Every July 1 since 2011, the New York Mets have paid Bobby Bonilla $1,193,248.20. That seems like a pretty reasonable annual payment for a six-time All-Star.
Except, here’s the thing. Mr. Bonilla is 59 years old and hasn’t played for the Mets in over 20 years.
Over the years, many baseball players have negotiated deferred payouts. But Mr. Bonilla’s may be savviest of all.
In 1991, the New York Mets signed Mr. Bonilla to a five-year, $29 million contract, making him not just the highest-paid baseball player in history but the highest-paid athlete in the world.
Mr. Bonilla eventually left the Mets to play for a few other teams. Eventually, he returned to the Mets in 1999. That year he hit just .160 with four home runs and 18 RBIs.
So, according to ESPN.com, the Mets agreed to buy out Mr. Bonilla’s contract in 2000, when it had about $5.9 million remaining. Rather than pay him $5.9 million then, the Mets agreed to pay him 1,193,248.20 for 25 years starting July 1, 2011, at 8% interest.
So, what exactly were the Mets thinking? Two words: Bernie Madoff. Mr. Madoff is the former chairman of the NASDAQ who used a massive Ponzi scheme to dupe investors, like the NY Mets, out of their money.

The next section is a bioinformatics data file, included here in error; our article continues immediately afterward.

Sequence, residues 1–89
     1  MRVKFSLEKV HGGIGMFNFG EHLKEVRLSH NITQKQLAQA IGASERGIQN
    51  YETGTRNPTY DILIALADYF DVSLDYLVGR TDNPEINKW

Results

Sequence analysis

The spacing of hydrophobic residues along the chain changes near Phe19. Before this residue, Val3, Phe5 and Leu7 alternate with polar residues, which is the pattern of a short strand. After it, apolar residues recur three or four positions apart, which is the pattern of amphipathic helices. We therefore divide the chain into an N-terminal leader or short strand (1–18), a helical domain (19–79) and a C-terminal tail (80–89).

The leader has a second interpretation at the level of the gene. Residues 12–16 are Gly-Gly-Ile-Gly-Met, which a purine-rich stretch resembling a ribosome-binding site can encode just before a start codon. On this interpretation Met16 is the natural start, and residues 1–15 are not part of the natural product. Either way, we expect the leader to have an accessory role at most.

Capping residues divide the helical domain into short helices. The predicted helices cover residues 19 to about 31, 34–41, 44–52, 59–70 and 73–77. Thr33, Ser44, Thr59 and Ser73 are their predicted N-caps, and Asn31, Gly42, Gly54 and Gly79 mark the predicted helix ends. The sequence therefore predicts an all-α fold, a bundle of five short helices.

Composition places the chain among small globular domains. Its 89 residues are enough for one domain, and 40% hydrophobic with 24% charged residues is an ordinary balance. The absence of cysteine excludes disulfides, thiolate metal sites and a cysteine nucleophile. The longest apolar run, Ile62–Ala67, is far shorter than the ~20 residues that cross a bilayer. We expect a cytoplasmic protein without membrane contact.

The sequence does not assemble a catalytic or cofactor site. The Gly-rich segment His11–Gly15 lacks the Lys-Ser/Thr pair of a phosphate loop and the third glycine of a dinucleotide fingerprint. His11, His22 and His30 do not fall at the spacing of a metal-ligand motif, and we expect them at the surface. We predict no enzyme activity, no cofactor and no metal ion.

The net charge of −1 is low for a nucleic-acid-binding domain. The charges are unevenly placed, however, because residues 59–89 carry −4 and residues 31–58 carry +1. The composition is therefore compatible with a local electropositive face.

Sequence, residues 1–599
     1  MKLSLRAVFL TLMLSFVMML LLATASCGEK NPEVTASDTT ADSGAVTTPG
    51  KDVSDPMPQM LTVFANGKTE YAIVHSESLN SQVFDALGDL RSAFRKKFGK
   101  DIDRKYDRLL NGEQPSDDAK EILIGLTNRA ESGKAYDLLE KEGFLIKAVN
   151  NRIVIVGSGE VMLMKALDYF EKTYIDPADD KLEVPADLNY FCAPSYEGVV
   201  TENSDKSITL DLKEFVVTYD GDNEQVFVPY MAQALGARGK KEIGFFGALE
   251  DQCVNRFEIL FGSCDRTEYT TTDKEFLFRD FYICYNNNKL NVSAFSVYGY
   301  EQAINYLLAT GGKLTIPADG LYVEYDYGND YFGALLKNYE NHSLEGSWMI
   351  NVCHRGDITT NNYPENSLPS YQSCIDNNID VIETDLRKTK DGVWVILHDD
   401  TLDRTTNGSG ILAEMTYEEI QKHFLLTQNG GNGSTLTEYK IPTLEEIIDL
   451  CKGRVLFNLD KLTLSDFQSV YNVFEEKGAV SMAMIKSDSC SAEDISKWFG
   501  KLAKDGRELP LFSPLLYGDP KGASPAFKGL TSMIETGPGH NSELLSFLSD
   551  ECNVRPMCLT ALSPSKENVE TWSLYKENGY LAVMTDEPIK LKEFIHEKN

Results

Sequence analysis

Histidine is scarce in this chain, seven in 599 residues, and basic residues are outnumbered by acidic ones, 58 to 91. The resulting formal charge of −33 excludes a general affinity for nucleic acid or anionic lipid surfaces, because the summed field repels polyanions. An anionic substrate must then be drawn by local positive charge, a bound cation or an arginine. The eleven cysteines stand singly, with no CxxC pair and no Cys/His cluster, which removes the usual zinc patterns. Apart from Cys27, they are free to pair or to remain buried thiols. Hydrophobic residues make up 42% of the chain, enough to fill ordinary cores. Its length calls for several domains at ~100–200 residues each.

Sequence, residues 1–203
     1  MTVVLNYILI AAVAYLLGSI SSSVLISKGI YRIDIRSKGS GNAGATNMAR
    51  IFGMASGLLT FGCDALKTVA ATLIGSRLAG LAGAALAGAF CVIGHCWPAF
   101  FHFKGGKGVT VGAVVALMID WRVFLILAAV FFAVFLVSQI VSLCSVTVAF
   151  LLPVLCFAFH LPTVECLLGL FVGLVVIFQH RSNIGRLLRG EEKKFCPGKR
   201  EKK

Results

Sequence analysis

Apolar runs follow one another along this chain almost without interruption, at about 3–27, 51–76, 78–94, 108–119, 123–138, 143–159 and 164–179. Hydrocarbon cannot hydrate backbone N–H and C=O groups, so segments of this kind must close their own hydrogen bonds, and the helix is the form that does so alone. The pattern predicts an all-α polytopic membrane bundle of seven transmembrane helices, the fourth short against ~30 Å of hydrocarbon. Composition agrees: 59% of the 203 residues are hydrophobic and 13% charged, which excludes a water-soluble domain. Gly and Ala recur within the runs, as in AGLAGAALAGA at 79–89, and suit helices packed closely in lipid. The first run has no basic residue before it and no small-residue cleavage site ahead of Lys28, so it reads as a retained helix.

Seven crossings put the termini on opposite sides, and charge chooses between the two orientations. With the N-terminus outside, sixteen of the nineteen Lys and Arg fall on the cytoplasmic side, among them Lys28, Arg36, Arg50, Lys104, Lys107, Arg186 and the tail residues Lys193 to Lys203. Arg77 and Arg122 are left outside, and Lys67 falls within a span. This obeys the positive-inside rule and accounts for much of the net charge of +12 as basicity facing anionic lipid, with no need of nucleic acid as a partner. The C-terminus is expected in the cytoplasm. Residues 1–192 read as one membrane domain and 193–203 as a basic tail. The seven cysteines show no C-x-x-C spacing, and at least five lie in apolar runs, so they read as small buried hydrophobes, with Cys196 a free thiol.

ESPN.com notes that “[a]t the time, Mets ownership was involved with a Bernie Madoff account that promised double-digit returns over the course of the deal, and the Mets were poised to make a significant profit — if the Madoff account delivered. It did not.”
Instead, the New York Mets will pay Mr. Bonilla seven figs every July 1 (affectionately known in baseball circles as “Bobby Bonilla Day”) until 2035. By then, the Mets will pay a total of $29.8 million. Counting today’s payment, the Mets are just about halfway there, having shelled out $14,318,978.40 already.
Only 13 more payments to go.